The question of threatening existence, real or imaginary, is the root of each and every agitation and rebellion that occurred in the last three decades and it had largely affected the existing social and cultural values of Assam, in different ways at different levels. Though, secession was not a widely shared aspiration in the State – only a small vocal political segment was taken by the romance of independence , the violations of human, democratic and civil rights by insurgent groups and state terrorism have caused a reign of fear in mind and effected the Assamese society to a large extent. Urvashi Butalia once commented –“When publishing writers from North East it is difficult not to look at the political nature of that writing. Virtually everyone writing from there somehow or the other rooted and involved in the politics of the region”. A Writer, socially conscious and responsible like Arupa Patangia Kalita and Dhrubajyoti Bora can neither ignore nor refrain from such issues of terror in his or her writings as terror is not merely bomb exploding or several unexpected dying or dead ,or even the awareness of who the enemy is. Asish Nandy said “Terror is the sense of being swamped as it were ,by the systematic derangement in which social structures are stepped” .Here three novels written by Dhrubajyoti Bora can show eternal yearning for peace of people of this region caught up in a web of tragic events, reflecting the social realty of our time.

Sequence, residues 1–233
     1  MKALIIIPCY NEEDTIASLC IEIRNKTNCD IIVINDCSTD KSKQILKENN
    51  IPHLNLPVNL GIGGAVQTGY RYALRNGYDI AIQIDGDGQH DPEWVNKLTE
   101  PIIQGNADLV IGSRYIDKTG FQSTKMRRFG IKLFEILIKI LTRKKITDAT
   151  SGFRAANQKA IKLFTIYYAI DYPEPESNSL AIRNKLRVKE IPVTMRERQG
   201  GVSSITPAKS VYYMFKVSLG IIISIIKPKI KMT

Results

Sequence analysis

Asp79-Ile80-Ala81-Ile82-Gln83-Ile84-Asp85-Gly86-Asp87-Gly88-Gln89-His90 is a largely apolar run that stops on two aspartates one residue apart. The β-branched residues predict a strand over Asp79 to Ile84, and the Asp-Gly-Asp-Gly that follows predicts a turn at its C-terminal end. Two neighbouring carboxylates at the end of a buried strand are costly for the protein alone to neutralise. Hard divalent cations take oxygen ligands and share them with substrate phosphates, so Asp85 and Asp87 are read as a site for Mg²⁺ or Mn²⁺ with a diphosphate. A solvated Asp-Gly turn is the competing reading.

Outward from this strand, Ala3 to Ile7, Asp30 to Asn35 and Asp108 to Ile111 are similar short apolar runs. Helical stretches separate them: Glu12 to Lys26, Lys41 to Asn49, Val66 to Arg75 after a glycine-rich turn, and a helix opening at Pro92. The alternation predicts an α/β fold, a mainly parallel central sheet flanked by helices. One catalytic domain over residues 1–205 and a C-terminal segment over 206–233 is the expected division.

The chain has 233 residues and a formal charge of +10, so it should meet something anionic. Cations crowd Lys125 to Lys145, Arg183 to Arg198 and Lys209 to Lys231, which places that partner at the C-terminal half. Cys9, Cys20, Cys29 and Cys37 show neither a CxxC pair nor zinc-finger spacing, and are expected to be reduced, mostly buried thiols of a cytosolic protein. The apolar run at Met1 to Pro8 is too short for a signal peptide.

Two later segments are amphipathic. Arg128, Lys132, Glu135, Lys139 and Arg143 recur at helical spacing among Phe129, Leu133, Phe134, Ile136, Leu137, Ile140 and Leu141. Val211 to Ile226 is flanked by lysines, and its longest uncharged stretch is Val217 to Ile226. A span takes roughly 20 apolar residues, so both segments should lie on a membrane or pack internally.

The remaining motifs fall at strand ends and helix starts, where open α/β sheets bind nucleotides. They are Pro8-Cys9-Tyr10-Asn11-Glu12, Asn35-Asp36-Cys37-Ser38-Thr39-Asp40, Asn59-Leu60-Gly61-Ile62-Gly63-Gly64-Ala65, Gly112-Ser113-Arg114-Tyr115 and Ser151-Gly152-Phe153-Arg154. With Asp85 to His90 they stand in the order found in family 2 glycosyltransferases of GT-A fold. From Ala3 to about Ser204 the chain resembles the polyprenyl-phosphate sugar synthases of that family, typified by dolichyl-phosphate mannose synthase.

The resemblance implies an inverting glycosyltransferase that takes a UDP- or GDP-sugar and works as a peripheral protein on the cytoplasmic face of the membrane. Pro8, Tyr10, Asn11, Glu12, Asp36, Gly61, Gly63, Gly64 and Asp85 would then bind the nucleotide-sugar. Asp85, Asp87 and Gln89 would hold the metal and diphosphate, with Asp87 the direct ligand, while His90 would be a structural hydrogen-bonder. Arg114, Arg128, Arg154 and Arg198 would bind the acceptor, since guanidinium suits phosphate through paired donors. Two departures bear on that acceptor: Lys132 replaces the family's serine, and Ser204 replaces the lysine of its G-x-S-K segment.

These novels present a very tragic and perturbed picture of Assam during the nineties . In the words of the novelist this trilogy is the story of self –demolition of an entire generation. Here attention can be drawn to another novel Barnabodh, where the novelist in an unprecedented manner uses contemporary representative words of vowels and consonants, which reflect a certain aspect of Assam and Assamese people. He has written this novel on the basis of words widely used contemporary contexts, like ‘aatmasamarpan’ (surrender), ‘ganatantra’ (democracy), ‘sarkar’ (Government) ‘swahid’ (martyr), ‘janajati’ (tribal), ‘torture’, ‘tatwa’k (theory), ‘banduk’ (gun), ‘vagania’ (tea garden people), ‘madar dokan’ (wine shop),
‘rajnaitik hatya’ (political assassination) etc. We can assume that behind the present connotative meaning of these words, words like AASU( stands for All Assam Students’ Union – who spearheaded the antiforeigner movement in Assam) AGP ( Asom Gana Parishad- the regional political party that was born of the above agitation after the Assam Accord was signed with Government of India ) ULFA (United Liberation Front of Assam- the banned armed underground secessionist outfit of Assam) SULFA ( Surrendered ULFA cadres who surrendered before the Government and emerged as a notorious organized group used as at times as vigilantes by the authorities) Guptaghatak (secret assassin) etc. are related in one or other way that carried or used to carry middle class dreams and expectations as well its fears and dreads. In Kalantar Trilogy also D.J. Borah has ostensibly chosen the middle class of the society, maybe, to capture the complexities of life in the changing society.